Just when I thought I was out, they pull me back in. Using a quote from The Godfather Part III to sum up a TV series about a cult might sound reductive, but The Path, which premiered on Hulu back in March, is a painstaking study of the way a closed community can sink its hooks into its members, even after they’ve decided to cut ties. It’s the opposite of reductive, in the best and worst way possible.
We follow the Lane family, prominent figures in Meyerism, a fictional cult (they prefer “movement”) that’s based somewhere outside of New York. There’s Sarah (Michelle Monaghan), her son, Hawk (Kyle Allen), and the dad of the clan, Eddie (Aaron Paul). Sarah is a long-time member of the group, while Eddie has just come back from a retreat in Peru. What was meant to strengthen his faith, though, turns out to have done the opposite: following a trippy vision (The Path loves its trippy visions), he’s found himself questioning the whole of Meyerism. The fact that he’s meeting Alison, an ex-follower who believes the cult was responsible for her husband’s death, only adds to his disenchantment.
He’s not the only one with doubts. There’s an FBI agent (Rockmond Dunbar) investigating what exactly the cult is up to. Hawk, meanwhile, is falling for Ashley (Amy Forsyth), a girl at school who isn’t connected to Meyerism – and is therefore frowned upon by everyone else.
They stand in total contrast with Cal (Hugh Dancy), the charismatic would-be leader of the movement, who goes on TV, addresses the commune and recruits young believer Mary with a passionate conviction. But even he is far from perfect: he claims to be in contact wth Steve, the founder of Meyerism, who is confined to a hospital bed off-screen, but increasingly tries to position himself as the new movement’s head, going to extreme, nasty lengths to conjure up new religious tenets that complete the “ladder” the Meyerists are all striving to climb.
If that sounds a like a lot for a TV show to fit into just 10 episodes, you’re right: it is. The Path is stuffed to its seams with subplots and tangents, diversions and reunions, ideas and execution. That means that the pacing can be hard-going, particularly in the season’s first half, but it also means that there’s an endless amount to engage with.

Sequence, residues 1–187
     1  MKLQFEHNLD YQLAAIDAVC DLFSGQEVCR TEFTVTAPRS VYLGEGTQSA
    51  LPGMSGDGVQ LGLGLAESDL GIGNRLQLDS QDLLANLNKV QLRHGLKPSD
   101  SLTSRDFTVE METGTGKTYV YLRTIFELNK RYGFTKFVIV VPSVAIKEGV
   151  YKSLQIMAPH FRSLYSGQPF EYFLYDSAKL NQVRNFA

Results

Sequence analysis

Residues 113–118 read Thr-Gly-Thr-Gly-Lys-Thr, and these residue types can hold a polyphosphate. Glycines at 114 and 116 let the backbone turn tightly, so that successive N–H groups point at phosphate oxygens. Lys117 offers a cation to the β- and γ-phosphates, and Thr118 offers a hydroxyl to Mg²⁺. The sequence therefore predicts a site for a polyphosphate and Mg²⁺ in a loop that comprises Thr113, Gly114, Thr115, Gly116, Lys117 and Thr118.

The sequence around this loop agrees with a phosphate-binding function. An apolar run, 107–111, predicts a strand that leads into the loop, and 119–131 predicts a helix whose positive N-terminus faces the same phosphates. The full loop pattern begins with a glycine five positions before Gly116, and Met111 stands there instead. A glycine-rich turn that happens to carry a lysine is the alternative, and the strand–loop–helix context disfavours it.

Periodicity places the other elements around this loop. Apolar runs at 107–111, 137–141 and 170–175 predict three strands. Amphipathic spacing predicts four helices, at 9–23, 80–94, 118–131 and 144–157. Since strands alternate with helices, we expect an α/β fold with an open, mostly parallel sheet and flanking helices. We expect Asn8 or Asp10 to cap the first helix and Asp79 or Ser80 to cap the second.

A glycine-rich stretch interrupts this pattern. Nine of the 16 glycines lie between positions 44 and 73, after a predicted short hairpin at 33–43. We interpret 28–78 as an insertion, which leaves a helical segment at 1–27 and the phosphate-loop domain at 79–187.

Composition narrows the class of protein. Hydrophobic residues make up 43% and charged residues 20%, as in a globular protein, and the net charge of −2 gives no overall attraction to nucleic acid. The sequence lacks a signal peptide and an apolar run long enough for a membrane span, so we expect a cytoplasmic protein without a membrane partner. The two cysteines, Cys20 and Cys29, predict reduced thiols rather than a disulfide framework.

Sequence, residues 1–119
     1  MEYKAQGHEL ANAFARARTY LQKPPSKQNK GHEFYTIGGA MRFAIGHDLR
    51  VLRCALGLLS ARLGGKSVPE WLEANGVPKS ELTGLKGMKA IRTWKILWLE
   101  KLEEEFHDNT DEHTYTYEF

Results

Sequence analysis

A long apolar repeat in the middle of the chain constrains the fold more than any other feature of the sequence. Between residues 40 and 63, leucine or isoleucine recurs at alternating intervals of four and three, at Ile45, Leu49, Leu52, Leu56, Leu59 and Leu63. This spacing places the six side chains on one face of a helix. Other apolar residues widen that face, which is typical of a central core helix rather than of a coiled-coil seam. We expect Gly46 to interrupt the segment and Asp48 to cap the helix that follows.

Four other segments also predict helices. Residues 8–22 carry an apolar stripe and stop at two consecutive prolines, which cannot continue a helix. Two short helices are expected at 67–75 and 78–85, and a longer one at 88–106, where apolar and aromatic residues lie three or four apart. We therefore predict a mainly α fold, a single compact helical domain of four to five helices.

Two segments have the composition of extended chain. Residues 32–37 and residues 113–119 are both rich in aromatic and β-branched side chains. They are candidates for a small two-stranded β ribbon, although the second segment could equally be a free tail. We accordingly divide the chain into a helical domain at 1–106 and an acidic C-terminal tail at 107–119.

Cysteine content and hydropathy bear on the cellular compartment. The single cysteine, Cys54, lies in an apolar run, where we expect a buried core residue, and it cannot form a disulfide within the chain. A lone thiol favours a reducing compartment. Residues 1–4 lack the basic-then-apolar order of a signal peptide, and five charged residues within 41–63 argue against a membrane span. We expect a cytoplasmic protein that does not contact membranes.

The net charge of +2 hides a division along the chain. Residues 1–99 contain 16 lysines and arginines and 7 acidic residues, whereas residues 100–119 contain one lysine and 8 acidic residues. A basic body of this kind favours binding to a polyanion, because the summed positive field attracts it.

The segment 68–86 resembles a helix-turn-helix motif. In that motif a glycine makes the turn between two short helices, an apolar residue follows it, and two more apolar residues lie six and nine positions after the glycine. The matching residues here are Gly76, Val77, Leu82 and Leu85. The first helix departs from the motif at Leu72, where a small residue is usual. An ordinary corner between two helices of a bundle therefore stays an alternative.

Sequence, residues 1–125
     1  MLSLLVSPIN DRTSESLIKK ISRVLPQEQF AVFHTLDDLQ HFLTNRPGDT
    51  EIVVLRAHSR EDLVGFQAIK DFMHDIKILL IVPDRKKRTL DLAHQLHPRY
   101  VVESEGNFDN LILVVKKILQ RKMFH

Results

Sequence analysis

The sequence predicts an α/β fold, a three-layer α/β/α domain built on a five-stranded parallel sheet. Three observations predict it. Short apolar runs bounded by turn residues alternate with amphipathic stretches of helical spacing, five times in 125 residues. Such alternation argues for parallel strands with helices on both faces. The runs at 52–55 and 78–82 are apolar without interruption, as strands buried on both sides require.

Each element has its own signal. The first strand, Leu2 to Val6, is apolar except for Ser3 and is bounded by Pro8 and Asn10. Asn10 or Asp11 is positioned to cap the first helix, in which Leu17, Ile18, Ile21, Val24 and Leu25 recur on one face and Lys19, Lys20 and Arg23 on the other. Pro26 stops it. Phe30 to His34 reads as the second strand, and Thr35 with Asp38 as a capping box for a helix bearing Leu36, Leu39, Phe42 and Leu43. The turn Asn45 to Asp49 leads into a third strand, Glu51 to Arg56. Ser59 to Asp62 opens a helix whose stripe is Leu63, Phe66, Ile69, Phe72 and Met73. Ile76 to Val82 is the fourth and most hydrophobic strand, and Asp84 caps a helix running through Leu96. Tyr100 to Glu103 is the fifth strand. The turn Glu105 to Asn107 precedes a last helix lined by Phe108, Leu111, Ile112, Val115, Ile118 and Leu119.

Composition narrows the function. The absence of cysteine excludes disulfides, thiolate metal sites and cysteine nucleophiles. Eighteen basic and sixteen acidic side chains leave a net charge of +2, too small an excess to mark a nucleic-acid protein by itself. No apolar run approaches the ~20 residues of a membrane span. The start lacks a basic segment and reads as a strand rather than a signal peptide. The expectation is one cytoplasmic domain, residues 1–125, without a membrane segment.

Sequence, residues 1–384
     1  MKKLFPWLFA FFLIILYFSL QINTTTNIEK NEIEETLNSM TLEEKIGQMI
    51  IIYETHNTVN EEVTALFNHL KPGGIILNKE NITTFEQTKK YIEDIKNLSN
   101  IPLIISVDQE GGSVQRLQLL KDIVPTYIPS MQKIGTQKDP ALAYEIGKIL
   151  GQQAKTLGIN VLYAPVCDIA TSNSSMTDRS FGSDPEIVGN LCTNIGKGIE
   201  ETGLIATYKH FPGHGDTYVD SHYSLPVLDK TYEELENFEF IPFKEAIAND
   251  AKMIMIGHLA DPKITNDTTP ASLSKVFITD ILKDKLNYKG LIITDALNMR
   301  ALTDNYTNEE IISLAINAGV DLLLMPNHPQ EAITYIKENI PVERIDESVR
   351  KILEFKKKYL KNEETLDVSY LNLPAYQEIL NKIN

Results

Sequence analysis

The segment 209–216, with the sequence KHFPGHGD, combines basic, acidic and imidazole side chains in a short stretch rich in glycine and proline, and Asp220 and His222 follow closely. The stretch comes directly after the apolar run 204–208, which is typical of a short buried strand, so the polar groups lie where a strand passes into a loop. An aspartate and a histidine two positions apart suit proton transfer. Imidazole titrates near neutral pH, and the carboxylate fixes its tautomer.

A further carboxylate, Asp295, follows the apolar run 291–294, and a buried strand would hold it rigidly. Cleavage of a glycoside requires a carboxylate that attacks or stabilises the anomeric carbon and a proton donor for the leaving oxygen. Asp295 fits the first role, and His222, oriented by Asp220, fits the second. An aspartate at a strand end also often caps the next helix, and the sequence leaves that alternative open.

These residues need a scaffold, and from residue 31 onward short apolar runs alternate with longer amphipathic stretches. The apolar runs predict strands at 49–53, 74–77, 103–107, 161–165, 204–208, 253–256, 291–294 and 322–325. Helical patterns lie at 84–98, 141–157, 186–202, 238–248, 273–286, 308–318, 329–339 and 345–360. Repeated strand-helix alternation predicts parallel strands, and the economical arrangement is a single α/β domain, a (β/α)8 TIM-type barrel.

The ladder at the centre of it all is made up of 10 “rungs”. Eddie’s at rung number 6. Sarah is 8R. Cal? He’s 10R. There’s an implicit level of authority and trust that goes with their respective ranks, but it’s one that’s constantly undermined by the lack of trust and respect that exists outside of their theology: Cal not-so-secretly covets Sarah; Eddie knows it; Sarah suspects Eddie, who disappears to meet Alison, of his own infidelity. All of them lie, cheat, deceive and manipulate. And yet they have one thing in common: they all genuinely want to do the right thing. For Eddie, that might well be leaving the movement, but for Cal and Sarah, there’s no question that this means furthering the cause. Even if, in Cal’s case, that means crossing ethical boundaries to do so.
The result is a goldmine for the performers. Hugh Dancy, whose charm and innocence has mostly been seen on screen up until now, sinks his teeth into the meaty part of Cal, biting off every contradiction with a gritty, often shocking relish. He’s scary, kind and sincere all at once, a combination that never gets old. Michelle Monaghan, meanwhile, has been wasted in so many roles, a supremely talented actor crying out for this kind of substantial role – and she delivers an award-worthy performance as a mother wife so deeply entrenched in her religion that it governs every aspect of her personal life. The person who makes it work, though, is Aaron Paul. Overshadowed by Bryan Cranston in Breaking Bad, he breaks out on his own terms here, giving the kind of earnest, believable turn that made indie drama Smashed so affecting. He’s our window into the complex world of Meyerism and we can see every wave of doubt and belief on his face, in his cracked voice, in his angry outbursts.